Brian’s career has been with Xerox, selling and servicing copiers.  Joyce was never a customer, but he was her go-to guy anyway if she had a problem, especially a copier emergency.  The same was true of her great nephew, Josh, Pat’s grandson, if she had a medical issue because he’s a paramedic.  When Joyce needed you, she expected instant help whether or not it was convenient for you.  Malcolm got called away from his son’s ball game because Joyce needed him “right now.”

Brian was on a sales call during tax season a few years back when his mobile phone rang.  It was Joyce.  But he was in a customer’s office so he didn’t call back right away.  When he left the customer, he called her back and she was frantic and angry.  Her copier had died, and she needed him.  He was almost in South Carolina, but he high tailed it back home to check on Joyce’s copier.  As soon as he got to her office, he spotted the problem.  A flashing light on the copier said, “Please load paper.”  Technology was not her strong suit.

Brian said Joyce was like a cookie, crusty on the outside but soft in the middle.  She could be generous and kind, but also blunt and maybe too honest.  You always knew where you stood with Joyce, but sometimes that came across as harsh or uncaring.  She didn’t have a filter – whatever she was thinking, kind or not-so-kind, it came out of her mouth.

That raises the accounting question, doesn’t it?  If life is a balance sheet, did Joyce die with a net profit or loss?  There’s more about accounting in the Bible than you might realize.  One Internet site I found has an essay titled, “Accounting in the Bible.”  There are stories about financial accounting, internal control, and managerial accounting.  Another site lists Bible verses about “Accountancy,” which includes the analogy of accounting.  For example, the Apostle Paul writes in Romans 14:12, “Each one of us will give account of himself to God.”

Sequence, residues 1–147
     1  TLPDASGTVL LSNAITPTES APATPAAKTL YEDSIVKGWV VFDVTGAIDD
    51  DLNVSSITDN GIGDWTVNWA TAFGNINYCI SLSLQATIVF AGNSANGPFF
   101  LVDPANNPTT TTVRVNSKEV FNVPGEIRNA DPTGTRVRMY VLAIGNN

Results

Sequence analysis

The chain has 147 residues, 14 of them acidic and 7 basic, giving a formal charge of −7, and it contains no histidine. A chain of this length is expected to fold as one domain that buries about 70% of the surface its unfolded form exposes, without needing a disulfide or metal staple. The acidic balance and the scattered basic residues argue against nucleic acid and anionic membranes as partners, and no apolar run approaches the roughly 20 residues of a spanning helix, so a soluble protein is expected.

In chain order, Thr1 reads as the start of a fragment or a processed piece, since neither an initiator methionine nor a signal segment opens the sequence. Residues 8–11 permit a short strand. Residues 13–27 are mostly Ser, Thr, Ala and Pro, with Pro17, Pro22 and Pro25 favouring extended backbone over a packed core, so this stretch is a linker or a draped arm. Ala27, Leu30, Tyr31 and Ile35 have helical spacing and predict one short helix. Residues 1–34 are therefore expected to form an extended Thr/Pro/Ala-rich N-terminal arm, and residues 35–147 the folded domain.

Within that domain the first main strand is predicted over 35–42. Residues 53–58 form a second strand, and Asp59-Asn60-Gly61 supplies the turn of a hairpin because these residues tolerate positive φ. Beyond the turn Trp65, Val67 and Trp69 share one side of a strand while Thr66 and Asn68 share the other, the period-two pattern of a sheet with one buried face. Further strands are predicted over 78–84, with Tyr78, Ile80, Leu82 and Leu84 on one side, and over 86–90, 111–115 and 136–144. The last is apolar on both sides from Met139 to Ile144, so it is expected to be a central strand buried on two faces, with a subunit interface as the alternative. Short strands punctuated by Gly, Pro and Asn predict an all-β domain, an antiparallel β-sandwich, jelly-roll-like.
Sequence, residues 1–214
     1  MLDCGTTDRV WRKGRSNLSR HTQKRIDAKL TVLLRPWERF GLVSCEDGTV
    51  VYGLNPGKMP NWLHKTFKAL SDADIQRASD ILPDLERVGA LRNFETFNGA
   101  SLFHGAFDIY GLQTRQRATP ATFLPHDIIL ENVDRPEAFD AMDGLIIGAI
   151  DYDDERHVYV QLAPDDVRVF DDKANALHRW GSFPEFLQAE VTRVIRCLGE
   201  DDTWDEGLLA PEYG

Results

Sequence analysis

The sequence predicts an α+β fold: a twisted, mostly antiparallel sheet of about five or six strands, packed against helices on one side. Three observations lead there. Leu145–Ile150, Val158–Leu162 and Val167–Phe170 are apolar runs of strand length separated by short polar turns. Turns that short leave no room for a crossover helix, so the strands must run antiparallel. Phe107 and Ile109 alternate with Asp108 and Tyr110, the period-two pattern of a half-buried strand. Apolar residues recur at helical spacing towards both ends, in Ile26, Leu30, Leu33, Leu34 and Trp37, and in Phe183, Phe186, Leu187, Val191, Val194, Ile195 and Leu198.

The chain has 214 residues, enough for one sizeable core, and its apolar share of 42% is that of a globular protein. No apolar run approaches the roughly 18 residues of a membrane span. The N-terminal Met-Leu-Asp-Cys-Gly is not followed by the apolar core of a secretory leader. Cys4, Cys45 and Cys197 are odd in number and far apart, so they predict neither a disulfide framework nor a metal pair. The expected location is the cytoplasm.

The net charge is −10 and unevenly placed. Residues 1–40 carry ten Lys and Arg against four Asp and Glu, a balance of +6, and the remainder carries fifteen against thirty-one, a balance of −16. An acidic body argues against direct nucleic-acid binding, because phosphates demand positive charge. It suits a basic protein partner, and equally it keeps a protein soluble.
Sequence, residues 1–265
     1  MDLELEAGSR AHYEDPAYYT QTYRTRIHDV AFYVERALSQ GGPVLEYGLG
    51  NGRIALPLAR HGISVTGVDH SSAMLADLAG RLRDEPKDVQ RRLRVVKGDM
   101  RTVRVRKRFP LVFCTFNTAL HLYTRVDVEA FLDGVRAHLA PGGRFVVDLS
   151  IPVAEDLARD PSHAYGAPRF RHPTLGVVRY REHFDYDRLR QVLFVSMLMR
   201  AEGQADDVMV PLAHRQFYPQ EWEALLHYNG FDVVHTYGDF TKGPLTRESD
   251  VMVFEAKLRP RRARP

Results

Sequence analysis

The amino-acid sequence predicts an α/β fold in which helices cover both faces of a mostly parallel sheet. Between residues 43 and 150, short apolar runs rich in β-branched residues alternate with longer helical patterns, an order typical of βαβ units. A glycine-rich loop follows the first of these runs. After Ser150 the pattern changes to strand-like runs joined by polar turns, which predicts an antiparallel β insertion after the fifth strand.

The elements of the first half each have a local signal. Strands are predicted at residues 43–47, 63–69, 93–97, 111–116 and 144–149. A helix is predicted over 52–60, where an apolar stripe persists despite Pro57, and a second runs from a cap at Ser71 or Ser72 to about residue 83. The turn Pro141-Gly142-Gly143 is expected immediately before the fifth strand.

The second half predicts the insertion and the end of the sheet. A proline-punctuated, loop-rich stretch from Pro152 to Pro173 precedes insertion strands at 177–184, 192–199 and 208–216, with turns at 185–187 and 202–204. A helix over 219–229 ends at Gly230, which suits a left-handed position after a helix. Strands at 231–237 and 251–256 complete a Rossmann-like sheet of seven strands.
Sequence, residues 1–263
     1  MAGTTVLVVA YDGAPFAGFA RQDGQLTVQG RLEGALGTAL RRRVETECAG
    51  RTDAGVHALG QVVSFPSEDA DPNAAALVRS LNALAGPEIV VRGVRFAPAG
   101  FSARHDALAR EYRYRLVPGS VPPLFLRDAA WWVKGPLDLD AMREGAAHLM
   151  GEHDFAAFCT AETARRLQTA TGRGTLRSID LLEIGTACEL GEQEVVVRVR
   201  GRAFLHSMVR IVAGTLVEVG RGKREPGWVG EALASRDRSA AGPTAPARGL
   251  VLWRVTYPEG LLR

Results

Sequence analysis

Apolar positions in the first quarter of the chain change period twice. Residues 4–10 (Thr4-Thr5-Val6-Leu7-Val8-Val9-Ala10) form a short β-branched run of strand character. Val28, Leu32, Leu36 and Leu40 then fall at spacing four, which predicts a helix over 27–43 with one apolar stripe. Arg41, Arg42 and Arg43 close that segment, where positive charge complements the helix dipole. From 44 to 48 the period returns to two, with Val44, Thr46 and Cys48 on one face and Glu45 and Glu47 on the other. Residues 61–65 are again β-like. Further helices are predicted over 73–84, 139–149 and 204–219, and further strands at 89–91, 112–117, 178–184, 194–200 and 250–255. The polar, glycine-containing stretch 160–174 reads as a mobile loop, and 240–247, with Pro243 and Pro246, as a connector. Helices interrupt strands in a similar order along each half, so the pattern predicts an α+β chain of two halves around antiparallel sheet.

When Joyce gives an account of herself, is God going to judge her on the crusty or the soft?  If you answer, “She was really a great person and she did more good than bad,” you might be right but you’d also miss the great Gospel principle here.  The Bible never minimizes our sin.  It doesn’t use euphemisms like “He just made a mistake” or give excuses like, “She had a rough day and she was under pressure.”  No, sin is sin.

The great Gospel principle of accounting is not that God understates or overlooks our sins.  It’s that there has been a full and exhaustive review of our books, and the balance sheet looks terrible – for all of us.  However, full restitution has been made by Jesus Christ for us, and we have only credits – his credits applied to our account.

Thus on the night before he died, Jesus can look at his eleven remaining disciples (Judas had already left to betray Jesus) and say, “Don’t be troubled.  You trust in God; trust also in me.  I’m going to prepare a place for you, and I will come back and take you to be with me.”  What, Jesus?  Don’t you know that Peter will deny you, Thomas will doubt the resurrection, and all of them will desert you that very night when you need them the most?  “Yes, I know all of that.  But tomorrow I will also suffer the wrath of God on their behalf and their entire debt will be paid in full.  The accounting principle of the Gospel gives such hope.